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We Think Red Metal (ASX:RDM) Needs To Drive Business Growth Carefully

Simply Wall St

There's no doubt that money can be made by owning shares of unprofitable businesses. For example, although software-as-a-service business Salesforce.com lost money for years while it grew recurring revenue, if you held shares since 2005, you'd have done very well indeed. But while the successes are well known, investors should not ignore the very many unprofitable companies that simply burn through all their cash and collapse.

So should Red Metal (ASX:RDM) shareholders be worried about its cash burn? In this report, we will consider the company's annual negative free cash flow, henceforth referring to it as the 'cash burn'. The first step is to compare its cash burn with its cash reserves, to give us its 'cash runway'.

View our latest analysis for Red Metal

How Long Is Red Metal's Cash Runway?

A cash runway is defined as the length of time it would take a company to run out of money if it kept spending at its current rate of cash burn. In June 2019, Red Metal had AU$916k in cash, and was debt-free. Looking at the last year, the company burnt through AU$2.0m. That means it had a cash runway of around 5 months as of June 2019. That's a very short cash runway which indicates an imminent need to douse the cash burn or find more funding. Depicted below, you can see how its cash holdings have changed over time.

ASX:RDM Historical Debt, October 14th 2019

How Is Red Metal's Cash Burn Changing Over Time?

In our view, Red Metal doesn't yet produce significant amounts of operating revenue, since it reported just AU$1.0m in the last twelve months. Therefore, for the purposes of this analysis we'll focus on how the cash burn is tracking. As it happens, the company's cash burn reduced by 6.2% over the last year, which suggests that management may be mindful of the risks of their depleting cash reserves. Admittedly, we're a bit cautious of Red Metal due to its lack of significant operating revenues. So we'd generally prefer stocks from this list of stocks that have analysts forecasting growth.

How Hard Would It Be For Red Metal To Raise More Cash For Growth?

Even though it has reduced its cash burn recently, shareholders should still consider how easy it would be for Red Metal to raise more cash in the future. Issuing new shares, or taking on debt, are the most common ways for a listed company to raise more money for its business. Many companies end up issuing new shares to fund future growth. We can compare a company's cash burn to its market capitalisation to get a sense for how many new shares a company would have to issue to fund one year's operations.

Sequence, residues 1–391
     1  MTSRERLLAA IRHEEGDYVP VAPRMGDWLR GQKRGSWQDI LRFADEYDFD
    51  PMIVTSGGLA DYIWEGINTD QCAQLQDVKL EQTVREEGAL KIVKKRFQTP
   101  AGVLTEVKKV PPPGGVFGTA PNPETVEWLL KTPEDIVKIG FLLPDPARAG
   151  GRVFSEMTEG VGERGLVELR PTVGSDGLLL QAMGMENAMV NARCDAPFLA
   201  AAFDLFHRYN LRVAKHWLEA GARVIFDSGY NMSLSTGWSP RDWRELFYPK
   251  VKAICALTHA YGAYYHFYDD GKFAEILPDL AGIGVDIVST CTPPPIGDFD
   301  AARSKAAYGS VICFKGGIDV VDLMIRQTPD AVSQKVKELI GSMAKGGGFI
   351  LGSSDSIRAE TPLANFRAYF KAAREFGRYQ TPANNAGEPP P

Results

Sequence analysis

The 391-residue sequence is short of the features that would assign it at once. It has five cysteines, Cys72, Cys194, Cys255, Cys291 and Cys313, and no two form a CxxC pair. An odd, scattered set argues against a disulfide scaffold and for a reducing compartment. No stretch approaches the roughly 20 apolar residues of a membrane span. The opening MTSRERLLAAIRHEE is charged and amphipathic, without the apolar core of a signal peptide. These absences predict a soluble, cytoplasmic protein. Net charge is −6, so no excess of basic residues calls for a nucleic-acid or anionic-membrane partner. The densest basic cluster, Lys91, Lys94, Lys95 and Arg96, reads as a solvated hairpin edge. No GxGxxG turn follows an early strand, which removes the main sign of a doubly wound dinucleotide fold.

Red Metal's cash burn of AU$2.0m is about 7.9% of its AU$25m market capitalisation. Given that is a rather small percentage, it would probably be really easy for the company to fund another year's growth by issuing some new shares to investors, or even by taking out a loan.

So, Should We Worry About Red Metal's Cash Burn?

On this analysis of Red Metal's cash burn, we think its cash burn relative to its market cap was reassuring, while its cash runway has us a bit worried. Looking at the factors mentioned in this short report, we do think that its cash burn is a bit risky, and it does make us slightly nervous about the stock. We think it's very important to consider the cash burn for loss making companies, but other considerations such as the amount the CEO is paid can also enhance your understanding of the business. You can click here to see what Red Metal's CEO gets paid each year.

Of course, you might find a fantastic investment by looking elsewhere. So take a peek at this free list of interesting companies, and this list of stocks growth stocks (according to analyst forecasts)

We aim to bring you long-term focused research analysis driven by fundamental data. Note that our analysis may not factor in the latest price-sensitive company announcements or qualitative material.

If you spot an error that warrants correction, please contact the editor at editorial-team@simplywallst.com. This article by Simply Wall St is general in nature. It does not constitute a recommendation to buy or sell any stock, and does not take account of your objectives, or your financial situation. Simply Wall St has no position in the stocks mentioned. Thank you for reading.